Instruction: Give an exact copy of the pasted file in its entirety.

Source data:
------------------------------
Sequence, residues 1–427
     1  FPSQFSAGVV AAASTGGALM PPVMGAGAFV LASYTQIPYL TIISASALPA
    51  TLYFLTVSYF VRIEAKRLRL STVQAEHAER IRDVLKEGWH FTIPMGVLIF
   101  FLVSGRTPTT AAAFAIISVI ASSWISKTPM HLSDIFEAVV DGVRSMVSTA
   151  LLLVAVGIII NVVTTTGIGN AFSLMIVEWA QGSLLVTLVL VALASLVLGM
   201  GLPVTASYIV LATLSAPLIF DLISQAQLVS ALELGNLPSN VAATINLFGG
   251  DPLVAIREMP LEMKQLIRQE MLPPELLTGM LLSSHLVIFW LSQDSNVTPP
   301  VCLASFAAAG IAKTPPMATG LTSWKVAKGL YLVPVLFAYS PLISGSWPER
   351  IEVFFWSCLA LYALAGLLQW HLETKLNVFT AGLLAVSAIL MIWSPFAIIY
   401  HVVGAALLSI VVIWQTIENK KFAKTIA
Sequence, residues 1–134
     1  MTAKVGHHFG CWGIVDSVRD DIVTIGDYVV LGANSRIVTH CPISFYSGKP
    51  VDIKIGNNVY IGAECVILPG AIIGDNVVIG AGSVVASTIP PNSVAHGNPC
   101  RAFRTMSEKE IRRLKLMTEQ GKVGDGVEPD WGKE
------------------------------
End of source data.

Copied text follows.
Sequence, residues 1–427
     1  FPSQFSAGVV AAASTGGALM PPVMGAGAFV LASYTQIPYL TIISASALPA
    51  TLYFLTVSYF VRIEAKRLRL STVQAEHAER IRDVLKEGWH FTIPMGVLIF
   101  FLVSGRTPTT AAAFAIISVI ASSWISKTPM HLSDIFEAVV DGVRSMVSTA
   151  LLLVAVGIII NVVTTTGIGN AFSLMIVEWA QGSLLVTLVL VALASLVLGM
   201  GLPVTASYIV LATLSAPLIF DLISQAQLVS ALELGNLPSN VAATINLFGG
   251  DPLVAIREMP LEMKQLIRQE MLPPELLTGM LLSSHLVIFW LSQDSNVTPP
   301  VCLASFAAAG IAKTPPMATG LTSWKVAKGL YLVPVLFAYS PLISGSWPER
   351  IEVFFWSCLA LYALAGLLQW HLETKLNVFT AGLLAVSAIL MIWSPFAIIY
   401  HVVGAALLSI VVIWQTIENK KFAKTIA
Sequence, residues 1–134
     1  MTAKVGHHFG CWGIVDSVRD DIVTIGDYVV LGANSRIVTH CPISFYSGKP
    51  VDIKIGNNVY IGAECVILPG AIIGDNVVIG AGSVVASTIP PNSVAHGNPC
   101  RAFRTMSEKE IRRLKLMTEQ GKVGDGVEPD WGKE